Release Date: July 19th 2019
Reviewed by: Joshua Andre
I don’t think that there’s ever been a time when I’ve questioned the type of music that I have enjoyed and loved, been encouraged by and even championed, up until now. Not that switching things up and enjoying new music and new artists is a bad thing, not at all. Nor is sticking to the same artist again and again- if you know they’re proven and you’re inspired for positive change through their music, then fair enough, I guess. But one thing that this year-long (at least) exercise is, is that we ought to expect the unexpected. And that’s what happened going into this. 18 weeks in, and never did I ever think that I would listen to (and enjoy!) artists like Phil Collins, Train, Sara Bareilles, Delta Goodrem, Owl City, Martina McBride, U2 and Avril Lavigne, to name a few. Never in my wildest dreams would I think that I would enjoy and get excited about music that isn’t necessarily Christian in nature. I guess it shows that my musical tastes are expanding, all the while knowing that the Lord God Himself can choose to speak through whatever music He wants, and if it is through mainstream music, then who am I to judge?
Influential is a funny word you see. Many people disguise it as popular, or they think that influential really means popular, when in fact the definition cannot be farther from what people perceive it is. For I’ve always been reminded that through this blog series, influential and popular aren’t always the same, in fact, most times, popular artists aren’t influential at all. They’re not influencing a generation to think about issues and topics that need to be discussed at length amongst friends and promote dialogue on real issues. Popular artists are indeed giving us popular songs that we can enjoy so that we can have a good time…but at the end of the day, much of the popular music of today can be a little vapid. Nevertheless, we tend to think that popular and influential are hand-in-hand, and thus, we attribute fame and fortune with someone impacting millions around the world. But herein lies the point- much of the people on my own influential top 100 list are relatively unknown. Sure they are known to their special field in which their genre of music is in, but outside of that specialised genre, not many people may have heard them…and that’s ok. I discussed one such artist before- Andrew Peterson, and how his knack for using his lyrical prowess to deliver poignant truths about God and mankind has led him to be placed upon my list, can seem all but absurd to the outside casual listener. But for me, Andrew himself has influenced my life a lot these last few years, as I’m sure many people who has heard his music and have testified to his life-changing lyrics that seep deep into the soul. Enter in another such artist, who I’m sure a lot of people know nothing about, myself included (until a week or so ago)- Australian country trio, The McClymonts.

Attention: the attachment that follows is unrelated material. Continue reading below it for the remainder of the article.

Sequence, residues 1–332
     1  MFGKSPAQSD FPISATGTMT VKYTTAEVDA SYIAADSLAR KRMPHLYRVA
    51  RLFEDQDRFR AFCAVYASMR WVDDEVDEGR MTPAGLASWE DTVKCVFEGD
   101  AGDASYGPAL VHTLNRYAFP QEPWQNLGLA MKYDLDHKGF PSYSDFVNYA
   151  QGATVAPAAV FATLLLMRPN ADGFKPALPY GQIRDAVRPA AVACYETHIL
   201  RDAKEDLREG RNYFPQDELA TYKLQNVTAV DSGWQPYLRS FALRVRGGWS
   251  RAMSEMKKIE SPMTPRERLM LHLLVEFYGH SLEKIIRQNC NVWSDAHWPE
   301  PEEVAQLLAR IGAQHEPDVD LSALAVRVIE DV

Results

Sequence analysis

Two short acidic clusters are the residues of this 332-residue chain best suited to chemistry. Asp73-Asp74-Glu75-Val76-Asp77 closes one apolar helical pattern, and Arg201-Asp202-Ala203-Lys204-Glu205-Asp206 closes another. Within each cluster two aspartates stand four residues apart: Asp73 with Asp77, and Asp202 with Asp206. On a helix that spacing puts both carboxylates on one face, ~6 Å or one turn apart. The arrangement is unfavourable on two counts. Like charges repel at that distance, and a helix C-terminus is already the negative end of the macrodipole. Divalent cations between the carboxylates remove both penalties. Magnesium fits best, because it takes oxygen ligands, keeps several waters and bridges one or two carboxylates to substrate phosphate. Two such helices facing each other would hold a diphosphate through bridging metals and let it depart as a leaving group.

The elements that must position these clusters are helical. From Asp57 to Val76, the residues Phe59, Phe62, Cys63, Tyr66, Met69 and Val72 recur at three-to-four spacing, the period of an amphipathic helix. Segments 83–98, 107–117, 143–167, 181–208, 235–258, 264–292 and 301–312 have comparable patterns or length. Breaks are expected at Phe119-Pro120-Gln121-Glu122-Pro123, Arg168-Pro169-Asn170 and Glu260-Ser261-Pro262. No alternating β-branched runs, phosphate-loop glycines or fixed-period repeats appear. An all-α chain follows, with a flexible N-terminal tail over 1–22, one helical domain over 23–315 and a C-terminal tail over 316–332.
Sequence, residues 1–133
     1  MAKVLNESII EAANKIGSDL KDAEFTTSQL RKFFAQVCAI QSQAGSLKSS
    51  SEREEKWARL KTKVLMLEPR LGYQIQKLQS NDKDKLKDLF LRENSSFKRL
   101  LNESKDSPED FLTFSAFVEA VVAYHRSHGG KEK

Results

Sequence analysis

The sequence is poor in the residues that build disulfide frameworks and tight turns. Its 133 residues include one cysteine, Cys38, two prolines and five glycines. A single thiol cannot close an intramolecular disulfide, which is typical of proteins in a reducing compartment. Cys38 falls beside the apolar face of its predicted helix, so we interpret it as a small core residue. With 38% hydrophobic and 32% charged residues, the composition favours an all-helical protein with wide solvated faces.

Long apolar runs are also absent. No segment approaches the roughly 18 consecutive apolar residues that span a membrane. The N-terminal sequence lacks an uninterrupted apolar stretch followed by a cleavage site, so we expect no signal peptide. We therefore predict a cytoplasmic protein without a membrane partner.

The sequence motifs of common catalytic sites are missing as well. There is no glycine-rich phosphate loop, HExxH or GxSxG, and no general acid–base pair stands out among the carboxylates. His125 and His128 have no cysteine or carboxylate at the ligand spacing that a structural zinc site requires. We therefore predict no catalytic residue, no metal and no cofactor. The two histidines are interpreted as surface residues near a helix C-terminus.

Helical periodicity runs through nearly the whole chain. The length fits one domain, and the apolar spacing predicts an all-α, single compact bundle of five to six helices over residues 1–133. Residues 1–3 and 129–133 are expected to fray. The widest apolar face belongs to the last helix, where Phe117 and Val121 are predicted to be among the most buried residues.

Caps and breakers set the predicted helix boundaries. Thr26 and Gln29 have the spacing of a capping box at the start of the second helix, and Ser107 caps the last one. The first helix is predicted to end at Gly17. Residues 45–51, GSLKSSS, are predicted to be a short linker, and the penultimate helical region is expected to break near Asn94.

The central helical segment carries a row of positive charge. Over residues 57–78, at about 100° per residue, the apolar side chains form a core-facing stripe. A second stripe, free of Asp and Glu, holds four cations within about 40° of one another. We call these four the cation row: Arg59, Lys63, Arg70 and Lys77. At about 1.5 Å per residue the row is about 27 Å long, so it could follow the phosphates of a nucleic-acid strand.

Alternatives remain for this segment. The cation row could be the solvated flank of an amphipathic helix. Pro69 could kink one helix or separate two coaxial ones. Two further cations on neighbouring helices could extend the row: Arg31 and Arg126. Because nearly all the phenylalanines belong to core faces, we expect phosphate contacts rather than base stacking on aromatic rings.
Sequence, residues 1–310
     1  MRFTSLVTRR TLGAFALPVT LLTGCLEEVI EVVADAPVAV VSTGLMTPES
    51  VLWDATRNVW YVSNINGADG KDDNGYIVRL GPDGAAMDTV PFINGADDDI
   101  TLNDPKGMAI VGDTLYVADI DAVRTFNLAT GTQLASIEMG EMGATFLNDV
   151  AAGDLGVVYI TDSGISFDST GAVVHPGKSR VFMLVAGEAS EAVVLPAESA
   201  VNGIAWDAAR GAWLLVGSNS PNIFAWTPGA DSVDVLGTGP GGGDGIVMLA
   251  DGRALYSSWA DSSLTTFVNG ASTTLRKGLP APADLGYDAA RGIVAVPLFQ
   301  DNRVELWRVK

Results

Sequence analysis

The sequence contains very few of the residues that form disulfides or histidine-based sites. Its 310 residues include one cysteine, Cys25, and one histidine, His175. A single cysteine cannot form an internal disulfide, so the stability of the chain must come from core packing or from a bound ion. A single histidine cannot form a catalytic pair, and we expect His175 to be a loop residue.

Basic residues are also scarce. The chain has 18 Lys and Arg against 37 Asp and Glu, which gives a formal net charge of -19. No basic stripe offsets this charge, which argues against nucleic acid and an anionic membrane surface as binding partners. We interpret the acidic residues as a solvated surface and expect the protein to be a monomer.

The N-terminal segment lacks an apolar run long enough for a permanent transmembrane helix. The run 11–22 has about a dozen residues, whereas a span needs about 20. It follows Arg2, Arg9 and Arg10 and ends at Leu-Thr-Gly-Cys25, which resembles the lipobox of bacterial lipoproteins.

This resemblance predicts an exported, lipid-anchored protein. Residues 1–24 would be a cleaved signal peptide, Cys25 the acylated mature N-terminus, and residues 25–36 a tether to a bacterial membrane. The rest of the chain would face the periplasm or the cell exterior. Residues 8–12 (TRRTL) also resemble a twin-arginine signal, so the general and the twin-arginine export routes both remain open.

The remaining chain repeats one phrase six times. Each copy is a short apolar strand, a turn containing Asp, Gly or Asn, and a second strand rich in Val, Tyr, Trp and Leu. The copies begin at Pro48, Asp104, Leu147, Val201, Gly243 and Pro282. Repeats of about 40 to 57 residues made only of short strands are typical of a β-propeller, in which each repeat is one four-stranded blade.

Is there any criteria for what determines an influential artist? Influential albums- sure we can figure that one out. Just think about an album that has changed you from the inside out, or one that has sentimental value to you, or one that you’d just know has shaped you beyond the shadow of a doubt (you wouldn’t be the person you are today if that particular album wasn’t recorded and released!); and that’s it. Maybe there are around 20 or 30 albums that you hold dear, that you believe to be higher above all others. But as for the extent of influence an artist has over society as a whole or individuals, across time, all genres and transcending countries, religions, beliefs, value systems and creeds; that’s a big, big mouthful to fully grasp and a gigantic pool of artists to choose from. I guess you’d say that the criteria is different depending on what you value in an artist, whether it is lyrics or music or the artist’s private lives and if it matches up with what they’re singing about… and that’s probably the reason why Jon is in the midst of writing about 100 artists, and even then it’s not a perfect list. The other day though, I started to think about the artists that were not part of Jon’s list, whom were deemed to be seemingly not influential enough. There were obviously some older artists whom Jon found others to be more influential for one reason or another; however if we’re only thinking of influence in the regard that an artist has to be a veteran of x amount of years or x amount of albums, then I’m certain we’d miss out on exploring and listening to a number of up and coming artists whom in the future could be equally as influential or even more so than The Beatles, Queen, Abba, Elton John, Whitney Houston and others. So, I’ve started up a mini-list of 20 artists (note, as of November 2019, this list has expanded to 50 artists!). By no means is it perfect, but it’s a snapshot of artists whom I reckon will take the world by storm in the coming years. Artists whom I reckon may not necessarily be popular, but still impact in a society where listeners are bored with songs at the drop of a hat. Maren Morris is the first artist that I’ll be delving into and exploring, and boy does she have plenty of remarkable songs that are relevant to society that need to be shared with the whole world!